13 EU countries blast Hungarian anti-LGBTQ+ measures
Viktor Orbán's government has banned the portrayal of homosexuality to minors.
LUXEMBOURG — Thirteen EU countries called Tuesday on the European Commission to take action over Hungarian Prime Minister Viktor Orbán’s move to ban the portrayal of homosexuality to minors, decrying it as a “flagrant form of discrimination.”
Hungary’s parliament approved a set of amendments last week that make it illegal to “promote” or portray homosexuality to people under the age of 18.
The new measures affect educational programs, advertising and television shows. They have sparked deep concern within Hungary’s LGBTQ+ community and come as the country moves into campaign mode ahead of a parliamentary election in 2022.
Tuesday’s statement — signed by Belgium, Denmark, Estonia, Finland, France, Germany, Ireland, Latvia, Lithuania, Luxembourg, the Netherlands, Spain and Sweden — said that the amendments represent “a flagrant form of discrimination based on sexual orientation, gender identity and expression and hence deserves to be condemned.”
The 13 countries issued their unusually strongly-worded rebuke during an EU ministers’ meeting in Luxembourg on the state of the rule of law in Hungary, where a broad array of concerns — from the independence of the judiciary to media freedoms — was discussed.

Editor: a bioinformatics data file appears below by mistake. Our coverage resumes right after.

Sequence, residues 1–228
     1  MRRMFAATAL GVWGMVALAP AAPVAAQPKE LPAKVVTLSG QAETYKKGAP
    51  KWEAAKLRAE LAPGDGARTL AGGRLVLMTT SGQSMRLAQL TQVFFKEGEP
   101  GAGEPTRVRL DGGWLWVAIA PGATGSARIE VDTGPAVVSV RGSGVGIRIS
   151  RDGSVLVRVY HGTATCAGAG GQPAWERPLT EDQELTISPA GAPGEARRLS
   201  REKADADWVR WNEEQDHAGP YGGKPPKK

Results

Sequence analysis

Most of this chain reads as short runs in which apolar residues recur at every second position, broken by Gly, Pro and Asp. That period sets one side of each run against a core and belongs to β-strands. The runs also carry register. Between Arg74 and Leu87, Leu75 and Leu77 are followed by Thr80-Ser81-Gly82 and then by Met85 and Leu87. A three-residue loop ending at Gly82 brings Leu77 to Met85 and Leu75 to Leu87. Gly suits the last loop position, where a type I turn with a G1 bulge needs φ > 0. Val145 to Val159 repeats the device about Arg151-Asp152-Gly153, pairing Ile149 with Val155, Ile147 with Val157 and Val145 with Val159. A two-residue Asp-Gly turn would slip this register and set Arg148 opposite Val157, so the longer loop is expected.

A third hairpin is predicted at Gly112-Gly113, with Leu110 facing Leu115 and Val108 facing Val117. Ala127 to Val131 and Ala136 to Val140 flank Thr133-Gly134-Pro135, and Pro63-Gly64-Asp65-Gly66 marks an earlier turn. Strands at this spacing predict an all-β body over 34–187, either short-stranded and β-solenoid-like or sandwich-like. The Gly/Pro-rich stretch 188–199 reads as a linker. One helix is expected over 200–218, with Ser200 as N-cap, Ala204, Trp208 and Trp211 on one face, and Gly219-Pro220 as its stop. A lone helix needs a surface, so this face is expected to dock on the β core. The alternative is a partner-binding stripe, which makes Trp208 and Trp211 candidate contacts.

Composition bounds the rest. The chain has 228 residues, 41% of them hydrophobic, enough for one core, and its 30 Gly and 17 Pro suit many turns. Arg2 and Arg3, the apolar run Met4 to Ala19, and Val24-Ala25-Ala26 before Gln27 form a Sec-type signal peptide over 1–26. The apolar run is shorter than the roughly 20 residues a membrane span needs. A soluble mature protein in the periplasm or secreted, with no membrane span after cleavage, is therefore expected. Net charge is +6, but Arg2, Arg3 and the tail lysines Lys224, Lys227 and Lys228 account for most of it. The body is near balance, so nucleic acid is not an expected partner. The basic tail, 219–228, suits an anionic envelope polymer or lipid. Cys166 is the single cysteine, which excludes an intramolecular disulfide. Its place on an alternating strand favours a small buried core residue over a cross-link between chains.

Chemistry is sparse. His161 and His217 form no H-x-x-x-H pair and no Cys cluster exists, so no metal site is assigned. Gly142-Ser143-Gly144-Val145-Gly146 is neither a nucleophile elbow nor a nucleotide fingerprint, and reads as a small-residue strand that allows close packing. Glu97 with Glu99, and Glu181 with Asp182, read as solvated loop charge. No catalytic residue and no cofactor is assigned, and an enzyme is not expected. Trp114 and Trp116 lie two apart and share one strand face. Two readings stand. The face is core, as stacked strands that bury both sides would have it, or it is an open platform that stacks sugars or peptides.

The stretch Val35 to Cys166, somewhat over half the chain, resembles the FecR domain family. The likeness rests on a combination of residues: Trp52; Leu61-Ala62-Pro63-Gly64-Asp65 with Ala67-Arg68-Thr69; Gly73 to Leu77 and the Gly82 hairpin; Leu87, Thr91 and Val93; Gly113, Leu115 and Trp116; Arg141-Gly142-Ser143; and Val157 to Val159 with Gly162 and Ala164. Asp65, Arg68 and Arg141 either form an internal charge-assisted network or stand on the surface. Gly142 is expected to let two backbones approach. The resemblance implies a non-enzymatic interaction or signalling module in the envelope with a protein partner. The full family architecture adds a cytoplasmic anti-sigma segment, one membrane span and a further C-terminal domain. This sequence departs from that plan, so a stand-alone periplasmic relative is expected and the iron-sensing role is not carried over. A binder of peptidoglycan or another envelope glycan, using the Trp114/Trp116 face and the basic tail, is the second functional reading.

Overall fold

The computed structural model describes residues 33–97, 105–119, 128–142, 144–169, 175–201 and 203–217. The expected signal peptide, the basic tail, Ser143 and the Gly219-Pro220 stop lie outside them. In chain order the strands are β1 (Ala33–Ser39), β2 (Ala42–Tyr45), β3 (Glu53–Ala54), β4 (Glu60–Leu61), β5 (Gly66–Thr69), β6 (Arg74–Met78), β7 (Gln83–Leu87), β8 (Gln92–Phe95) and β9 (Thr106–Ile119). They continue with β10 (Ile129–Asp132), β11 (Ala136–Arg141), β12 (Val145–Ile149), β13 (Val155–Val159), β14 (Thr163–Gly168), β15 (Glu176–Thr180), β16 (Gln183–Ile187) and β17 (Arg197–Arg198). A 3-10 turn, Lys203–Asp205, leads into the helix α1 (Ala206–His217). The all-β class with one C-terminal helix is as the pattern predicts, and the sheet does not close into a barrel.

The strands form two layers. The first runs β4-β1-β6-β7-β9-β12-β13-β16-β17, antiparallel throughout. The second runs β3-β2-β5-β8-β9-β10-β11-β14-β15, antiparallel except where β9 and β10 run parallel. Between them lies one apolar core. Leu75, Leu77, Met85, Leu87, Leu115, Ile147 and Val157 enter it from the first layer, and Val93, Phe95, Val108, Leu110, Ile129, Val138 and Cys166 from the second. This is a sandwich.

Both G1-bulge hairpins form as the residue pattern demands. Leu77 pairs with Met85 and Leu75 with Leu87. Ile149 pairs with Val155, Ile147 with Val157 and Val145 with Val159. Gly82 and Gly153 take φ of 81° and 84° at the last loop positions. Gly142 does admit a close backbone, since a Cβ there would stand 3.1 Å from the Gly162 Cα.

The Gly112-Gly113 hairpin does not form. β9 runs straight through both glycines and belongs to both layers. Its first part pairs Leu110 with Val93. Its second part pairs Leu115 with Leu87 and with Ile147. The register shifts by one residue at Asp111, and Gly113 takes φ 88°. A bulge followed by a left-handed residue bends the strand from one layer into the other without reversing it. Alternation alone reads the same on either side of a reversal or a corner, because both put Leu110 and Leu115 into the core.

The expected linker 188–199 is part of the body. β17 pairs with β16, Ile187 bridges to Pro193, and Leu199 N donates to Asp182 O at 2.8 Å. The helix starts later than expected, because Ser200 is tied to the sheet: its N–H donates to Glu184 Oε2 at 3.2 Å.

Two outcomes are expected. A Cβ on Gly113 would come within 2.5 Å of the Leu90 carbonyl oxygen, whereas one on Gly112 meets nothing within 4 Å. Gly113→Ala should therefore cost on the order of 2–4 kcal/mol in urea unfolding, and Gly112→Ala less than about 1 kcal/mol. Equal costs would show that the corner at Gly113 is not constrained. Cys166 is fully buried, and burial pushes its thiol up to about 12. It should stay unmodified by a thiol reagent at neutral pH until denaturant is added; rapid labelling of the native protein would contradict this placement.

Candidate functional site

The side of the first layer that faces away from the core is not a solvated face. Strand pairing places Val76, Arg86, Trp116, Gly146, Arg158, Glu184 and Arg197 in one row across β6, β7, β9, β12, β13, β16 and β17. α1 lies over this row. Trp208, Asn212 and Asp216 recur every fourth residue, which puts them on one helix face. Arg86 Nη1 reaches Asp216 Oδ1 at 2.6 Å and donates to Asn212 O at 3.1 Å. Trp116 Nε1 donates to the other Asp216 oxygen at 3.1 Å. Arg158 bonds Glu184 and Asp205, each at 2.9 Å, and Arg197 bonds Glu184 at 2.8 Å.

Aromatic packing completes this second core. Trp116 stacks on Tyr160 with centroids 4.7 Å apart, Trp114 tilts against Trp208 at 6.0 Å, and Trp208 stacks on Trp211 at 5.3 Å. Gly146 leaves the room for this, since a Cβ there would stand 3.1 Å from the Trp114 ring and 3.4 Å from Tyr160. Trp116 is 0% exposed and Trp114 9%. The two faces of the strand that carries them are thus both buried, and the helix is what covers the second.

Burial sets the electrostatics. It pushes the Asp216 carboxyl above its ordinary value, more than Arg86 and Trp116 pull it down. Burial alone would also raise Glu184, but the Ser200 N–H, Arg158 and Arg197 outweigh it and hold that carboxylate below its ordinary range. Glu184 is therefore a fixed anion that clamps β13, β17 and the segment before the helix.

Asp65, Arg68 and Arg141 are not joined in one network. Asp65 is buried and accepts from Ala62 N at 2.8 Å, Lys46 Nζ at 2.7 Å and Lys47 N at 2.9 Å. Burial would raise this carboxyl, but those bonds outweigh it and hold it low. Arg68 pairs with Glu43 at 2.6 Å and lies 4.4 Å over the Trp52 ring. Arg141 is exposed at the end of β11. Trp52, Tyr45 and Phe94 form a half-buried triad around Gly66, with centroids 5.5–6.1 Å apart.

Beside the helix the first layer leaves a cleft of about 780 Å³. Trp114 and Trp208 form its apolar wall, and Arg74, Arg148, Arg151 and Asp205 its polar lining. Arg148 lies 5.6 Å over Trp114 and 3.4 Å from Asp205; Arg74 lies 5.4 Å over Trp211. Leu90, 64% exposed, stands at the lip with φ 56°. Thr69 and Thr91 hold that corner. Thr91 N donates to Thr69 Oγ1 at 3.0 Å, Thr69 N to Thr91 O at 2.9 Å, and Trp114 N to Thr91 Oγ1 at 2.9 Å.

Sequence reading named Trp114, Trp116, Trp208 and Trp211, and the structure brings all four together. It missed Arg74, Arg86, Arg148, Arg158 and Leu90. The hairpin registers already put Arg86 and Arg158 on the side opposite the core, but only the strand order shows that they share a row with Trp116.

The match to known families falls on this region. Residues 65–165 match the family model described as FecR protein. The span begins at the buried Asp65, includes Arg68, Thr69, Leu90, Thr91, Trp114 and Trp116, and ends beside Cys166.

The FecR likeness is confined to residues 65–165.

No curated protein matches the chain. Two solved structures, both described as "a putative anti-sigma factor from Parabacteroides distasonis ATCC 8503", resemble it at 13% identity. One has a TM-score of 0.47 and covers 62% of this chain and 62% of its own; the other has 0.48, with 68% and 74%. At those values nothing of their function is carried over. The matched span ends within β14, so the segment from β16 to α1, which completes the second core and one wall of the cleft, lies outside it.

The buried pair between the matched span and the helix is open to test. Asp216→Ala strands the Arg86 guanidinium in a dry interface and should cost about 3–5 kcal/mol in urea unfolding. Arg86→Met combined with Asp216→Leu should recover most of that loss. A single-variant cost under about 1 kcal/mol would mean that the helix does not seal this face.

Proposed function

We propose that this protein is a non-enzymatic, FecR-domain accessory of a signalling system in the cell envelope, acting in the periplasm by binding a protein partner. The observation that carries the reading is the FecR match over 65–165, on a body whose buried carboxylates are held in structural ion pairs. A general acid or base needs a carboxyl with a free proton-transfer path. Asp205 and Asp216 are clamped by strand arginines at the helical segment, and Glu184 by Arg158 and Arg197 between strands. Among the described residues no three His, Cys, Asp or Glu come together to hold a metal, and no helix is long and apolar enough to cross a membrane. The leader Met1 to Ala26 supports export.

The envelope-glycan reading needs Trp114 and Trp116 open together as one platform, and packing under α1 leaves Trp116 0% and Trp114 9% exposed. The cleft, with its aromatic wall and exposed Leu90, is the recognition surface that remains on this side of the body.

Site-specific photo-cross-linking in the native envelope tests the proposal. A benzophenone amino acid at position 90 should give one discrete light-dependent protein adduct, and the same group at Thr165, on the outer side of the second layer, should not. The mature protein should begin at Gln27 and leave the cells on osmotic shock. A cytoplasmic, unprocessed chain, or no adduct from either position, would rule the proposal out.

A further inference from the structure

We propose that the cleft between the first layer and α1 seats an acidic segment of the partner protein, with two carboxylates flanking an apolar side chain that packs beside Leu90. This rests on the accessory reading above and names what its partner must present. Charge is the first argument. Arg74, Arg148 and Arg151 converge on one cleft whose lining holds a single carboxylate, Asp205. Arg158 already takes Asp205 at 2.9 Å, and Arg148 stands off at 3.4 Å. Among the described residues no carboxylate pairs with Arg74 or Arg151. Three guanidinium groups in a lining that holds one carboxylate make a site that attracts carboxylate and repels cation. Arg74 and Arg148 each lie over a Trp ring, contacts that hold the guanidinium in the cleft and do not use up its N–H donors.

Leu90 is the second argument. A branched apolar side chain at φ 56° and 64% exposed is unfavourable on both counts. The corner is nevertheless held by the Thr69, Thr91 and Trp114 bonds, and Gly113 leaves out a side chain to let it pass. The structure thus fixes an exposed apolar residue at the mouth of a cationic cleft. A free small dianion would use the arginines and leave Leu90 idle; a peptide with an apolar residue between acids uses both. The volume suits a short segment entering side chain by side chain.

The meeting took place as part of the Article 7 process, a disciplinary procedure for EU member countries seen as at risk of breaching core EU values. The European Parliament triggered Article 7 for Hungary in 2018, but officials say no progress has been achieved in addressing rule-of-law concerns.
Budapest’s latest move sent shockwaves through European capitals already frustrated with the bloc’s inability to tackle democratic backsliding in Hungary and Poland.
Ireland’s Deputy Prime Minister Leo Varadkar, who is gay, tweeted on Tuesday that he was “glad” his country signed the statement critical of Budapest. Hungary “is a great European country with wonderful people & a proud history,” he wrote. “European values include equality before the law & individual freedom of expression.”
Hungary’s government has repeatedly defended the legislation, insisting that its intent is to protect children and parents’ rights.
In their statement, the 13 countries said that that the amendments are not in line with European rules and standards.
The amendments “violate the freedom of expression, by limiting the freedom to hold opinions and to receive and impart information without interference by public authority,” they said, adding that “stigmatizing” LGBTQ+ people constitutes “a clear breach of their fundamental right to dignity.”
“We urge the European Commission as Guardian of the Treaties to use all the tools at its disposal to ensure full respect for EU law, including by referring the matter to the ECJ [Court of Justice of the EU],” the countries added.